a Taco War Headed Our Way?
No. 2 Mexican
Restaurant Chain Eyes Chicago
(Lake Forest, CA)
June, 2005 – For years, Chicago has had its burger, pizza and hot
dog "wars," but now the area is the site for what could become
the next "taco war" - a battle for supremacy among the biggest
players in the Mexican fast-food niche.
real estate developers Mark Kinnare and Patrick Riccobene have signed
a deal to open 10 Del Taco restaurants under the name Illinois Del, Inc.
Two restaurants are slated to open within the next six months - one in
Algonquin and another in Orland Park.
Taco is the nation's No. 2 Mexican quick-service chain serving more than
3 million customers each week. Del Taco has opened 15 new restaurants
this year and its first upper Midwest location will open later this month
in Dearborn Heights, MI.
This new franchisee
is the first of an expected dozen or so franchise groups who will fill
out the Chicago market, reported Marc Mushkin, Del Taco’s senior
director of franchising. Another franchisee is currently developing a
new restaurant in the Rockford, IL, area that is expected to open in early
shows that consumers in Chicago are hungry for something new in the Mexican
quick serve category. We expect Del Taco to be well received there and
are excited to have such quality franchisees to bring our brand to this
important market,” said Mushkin.
"This is exciting
news for us and for fast-food fans looking for a fabulous alternative
in Mexican food," said Mark Kinnare. "We've long had only one
major player in this category and we think there's a market for another
- especially one of the caliber of Del Taco."
As a business, Kinnare
said Del Taco is appealing because it has the highest sales volume of
any Mexican quick-service restaurant; its average unit volume (of nearly
$1.2 million) is significantly higher than the No. 1 chain in its category.
"We found Del
Taco to be better and different from anything else out there," he
said. "Likewise, we think lovers of fast-food, especially of the
Mexican variety, will find that Del Taco is better and different from
anything else that's available."
The 41-year-old chain
offers menu items that appeal to a broad range of tastes with a strong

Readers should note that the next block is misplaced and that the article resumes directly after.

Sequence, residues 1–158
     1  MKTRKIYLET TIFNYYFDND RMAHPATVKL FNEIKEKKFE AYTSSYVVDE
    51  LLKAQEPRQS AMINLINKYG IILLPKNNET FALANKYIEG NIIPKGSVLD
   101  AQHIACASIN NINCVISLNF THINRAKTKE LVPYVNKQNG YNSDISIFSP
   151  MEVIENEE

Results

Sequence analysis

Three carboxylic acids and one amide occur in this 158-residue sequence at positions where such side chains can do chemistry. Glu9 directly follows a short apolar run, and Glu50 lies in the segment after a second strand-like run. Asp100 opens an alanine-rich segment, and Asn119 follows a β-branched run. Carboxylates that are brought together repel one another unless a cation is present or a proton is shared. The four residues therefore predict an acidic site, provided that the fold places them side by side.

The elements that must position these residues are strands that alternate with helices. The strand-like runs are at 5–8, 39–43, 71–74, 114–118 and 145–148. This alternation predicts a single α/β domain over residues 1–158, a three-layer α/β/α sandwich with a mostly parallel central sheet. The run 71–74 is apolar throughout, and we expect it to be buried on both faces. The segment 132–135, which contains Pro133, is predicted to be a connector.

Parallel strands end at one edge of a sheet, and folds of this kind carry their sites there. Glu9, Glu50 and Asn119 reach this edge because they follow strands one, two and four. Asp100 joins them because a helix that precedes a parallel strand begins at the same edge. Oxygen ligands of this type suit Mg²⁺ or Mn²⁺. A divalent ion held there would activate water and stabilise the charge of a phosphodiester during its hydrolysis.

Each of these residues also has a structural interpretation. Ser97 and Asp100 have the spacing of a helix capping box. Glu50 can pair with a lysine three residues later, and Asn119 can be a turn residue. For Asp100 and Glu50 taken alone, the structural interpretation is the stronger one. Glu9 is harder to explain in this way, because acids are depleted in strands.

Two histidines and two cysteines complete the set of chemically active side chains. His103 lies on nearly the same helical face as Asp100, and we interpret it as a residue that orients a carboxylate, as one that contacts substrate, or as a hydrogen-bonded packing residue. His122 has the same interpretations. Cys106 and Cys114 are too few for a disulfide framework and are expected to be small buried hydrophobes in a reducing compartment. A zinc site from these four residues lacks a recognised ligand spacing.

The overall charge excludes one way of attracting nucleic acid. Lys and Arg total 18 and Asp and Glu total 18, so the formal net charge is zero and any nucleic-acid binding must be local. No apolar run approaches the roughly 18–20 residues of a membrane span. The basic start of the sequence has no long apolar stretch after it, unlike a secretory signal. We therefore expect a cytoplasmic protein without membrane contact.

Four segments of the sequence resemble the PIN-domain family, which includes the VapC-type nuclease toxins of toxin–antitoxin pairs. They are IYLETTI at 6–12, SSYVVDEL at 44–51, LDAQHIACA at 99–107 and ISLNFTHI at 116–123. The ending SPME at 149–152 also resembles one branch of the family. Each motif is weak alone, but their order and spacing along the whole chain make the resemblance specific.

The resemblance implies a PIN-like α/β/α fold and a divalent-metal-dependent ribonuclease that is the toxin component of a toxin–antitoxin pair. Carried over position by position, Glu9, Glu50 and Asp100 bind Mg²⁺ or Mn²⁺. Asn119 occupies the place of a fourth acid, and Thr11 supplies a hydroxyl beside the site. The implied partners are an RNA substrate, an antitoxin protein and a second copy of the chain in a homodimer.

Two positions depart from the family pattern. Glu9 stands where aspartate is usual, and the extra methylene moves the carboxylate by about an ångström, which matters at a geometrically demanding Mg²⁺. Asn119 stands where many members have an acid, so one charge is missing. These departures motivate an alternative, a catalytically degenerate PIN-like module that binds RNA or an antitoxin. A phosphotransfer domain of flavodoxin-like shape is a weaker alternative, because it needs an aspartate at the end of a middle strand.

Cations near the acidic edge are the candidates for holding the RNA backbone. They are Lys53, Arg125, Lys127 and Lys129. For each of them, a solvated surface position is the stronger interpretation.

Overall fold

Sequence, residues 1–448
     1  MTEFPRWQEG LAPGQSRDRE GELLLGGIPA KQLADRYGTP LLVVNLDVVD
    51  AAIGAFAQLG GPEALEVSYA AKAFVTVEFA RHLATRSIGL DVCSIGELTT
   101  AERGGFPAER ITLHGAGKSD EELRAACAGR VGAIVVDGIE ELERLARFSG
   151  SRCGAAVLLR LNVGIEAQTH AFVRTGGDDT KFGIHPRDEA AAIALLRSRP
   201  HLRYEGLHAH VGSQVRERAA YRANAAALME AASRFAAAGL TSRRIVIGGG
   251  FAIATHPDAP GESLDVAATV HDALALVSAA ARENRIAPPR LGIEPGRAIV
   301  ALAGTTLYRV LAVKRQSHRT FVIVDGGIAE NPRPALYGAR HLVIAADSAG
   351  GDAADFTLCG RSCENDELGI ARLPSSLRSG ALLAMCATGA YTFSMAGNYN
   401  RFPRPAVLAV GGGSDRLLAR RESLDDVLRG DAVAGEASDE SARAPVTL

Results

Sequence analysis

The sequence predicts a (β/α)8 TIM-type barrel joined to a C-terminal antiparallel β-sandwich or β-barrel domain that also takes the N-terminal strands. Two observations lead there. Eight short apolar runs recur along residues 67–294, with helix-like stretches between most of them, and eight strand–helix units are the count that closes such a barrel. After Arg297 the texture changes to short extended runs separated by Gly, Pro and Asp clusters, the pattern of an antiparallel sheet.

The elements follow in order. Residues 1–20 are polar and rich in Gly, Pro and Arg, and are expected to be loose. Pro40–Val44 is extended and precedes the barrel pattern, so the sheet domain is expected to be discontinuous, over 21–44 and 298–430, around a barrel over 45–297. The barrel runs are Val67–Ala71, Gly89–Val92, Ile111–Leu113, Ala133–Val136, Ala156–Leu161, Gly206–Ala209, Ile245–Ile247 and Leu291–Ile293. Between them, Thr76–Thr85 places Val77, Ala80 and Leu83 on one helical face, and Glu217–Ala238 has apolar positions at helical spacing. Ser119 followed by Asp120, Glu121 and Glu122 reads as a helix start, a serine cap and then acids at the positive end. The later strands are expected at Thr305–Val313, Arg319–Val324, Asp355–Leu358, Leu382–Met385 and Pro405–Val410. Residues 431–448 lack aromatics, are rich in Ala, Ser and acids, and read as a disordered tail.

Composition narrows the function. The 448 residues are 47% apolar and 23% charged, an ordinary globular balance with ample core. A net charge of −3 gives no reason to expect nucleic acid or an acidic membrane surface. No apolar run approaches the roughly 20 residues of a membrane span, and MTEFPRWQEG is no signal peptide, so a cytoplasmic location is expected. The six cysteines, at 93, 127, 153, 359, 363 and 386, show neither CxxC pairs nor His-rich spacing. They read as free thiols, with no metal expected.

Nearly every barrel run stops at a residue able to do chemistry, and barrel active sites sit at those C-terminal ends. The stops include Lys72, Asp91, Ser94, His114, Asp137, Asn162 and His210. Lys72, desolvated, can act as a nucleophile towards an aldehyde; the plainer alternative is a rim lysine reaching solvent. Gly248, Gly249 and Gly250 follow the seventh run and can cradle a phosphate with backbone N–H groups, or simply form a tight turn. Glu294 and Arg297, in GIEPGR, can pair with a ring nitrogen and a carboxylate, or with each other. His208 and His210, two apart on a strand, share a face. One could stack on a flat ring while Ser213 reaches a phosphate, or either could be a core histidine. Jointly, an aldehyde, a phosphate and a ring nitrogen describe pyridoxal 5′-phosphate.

emphasis on quality and value. The menu includes Mexican offerings of
tacos, burritos, quesadillas and nachos as well as American favorites
like hamburgers, fries and milk shakes. Each item is made to order only
when the customer orders it with many quality ingredients including lard-free
beans made from scratch daily, real cheddar cheese grated on site, chicken
grilled fresh every hour, hand-made salsa and fresh produce.
Recently, Del Taco
added the Crispy Fish Taco to its menu and it immediately became one of
the chain's biggest selling items, with more than 6 million sold since
February. “The Crispy Fish Taco is still rocking,” explained
Joe Senger, vice president of marketing at Del Taco.
Fish Taco is an example of the kind of innovation in fast-food you don't
see on a regular basis," Kinnare said.
Del Taco restaurants
combine an eclectic world of architecture, building design and decorating
into a lively, cantina-like Mexican diner with an inviting atmosphere.
The exterior of Del Taco restaurants feature a mixture of stucco walls
and an unusually expansive use of glass, "so the energy flows from
inside out and people can see what's going on," Kinnare said. "We
think this design is going to attract a lot of attention from people looking
for something new and fun in fast food."
Also outside are backlit
canopies, barrel tile entrances and colorful patios surrounded with small,
intimate footlights. Fun, neon graphics in the windows depict unique product
offerings like Del Taco's popular Macho Burritos, signature menu items
featuring more than a pound of food.
will find an eclectic array of elements ranging from hand-painted graphic
art to high tech design. "The furniture is completely different from
what you'd expect to find, with playful, new twists in color and comfort,"
Kinnare said. Rather than stainless steel stanchions, a whimsical, curvy
pipe and joint system indicate queuing at the order counter with a slanted
menu board overhead. Likewise, ceiling fans are hung with brightly colored
conduit pipes. The interior's walls are uniquely textured with hand-painted
confetti and streamers -- all to reinforce a festive experience for the
customer. Ceilings are exposed, opening to girders and the roof deck,
rather than covered in acoustical tile.
"You're not going
to find in a Del Taco the uninspiring environments you find in most fast-food
outlets," Kinnare said.
Del Taco is a privately held
company that operates or franchises more than 445 Mexican quick service
restaurant locations throughout the United States. The company has been
on an aggressive campaign to grow beyond its Southern California roots.
In 2004 the company added six new franchise groups for a total of 32 new
restaurants and has signed development agreements for another 16 units
so far in 2005. In addition to Detroit, new markets include Idaho, Washington,
Oregon, New Mexico and Colorado.